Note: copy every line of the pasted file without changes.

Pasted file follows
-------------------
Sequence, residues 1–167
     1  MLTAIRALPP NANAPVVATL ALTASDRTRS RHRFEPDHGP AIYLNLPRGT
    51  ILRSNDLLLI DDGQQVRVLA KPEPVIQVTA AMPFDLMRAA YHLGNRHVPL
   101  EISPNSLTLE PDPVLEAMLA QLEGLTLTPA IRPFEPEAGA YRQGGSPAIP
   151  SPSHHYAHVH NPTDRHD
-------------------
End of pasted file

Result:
Sequence, residues 1–167
     1  MLTAIRALPP NANAPVVATL ALTASDRTRS RHRFEPDHGP AIYLNLPRGT
    51  ILRSNDLLLI DDGQQVRVLA KPEPVIQVTA AMPFDLMRAA YHLGNRHVPL
   101  EISPNSLTLE PDPVLEAMLA QLEGLTLTPA IRPFEPEAGA YRQGGSPAIP
   151  SPSHHYAHVH NPTDRHD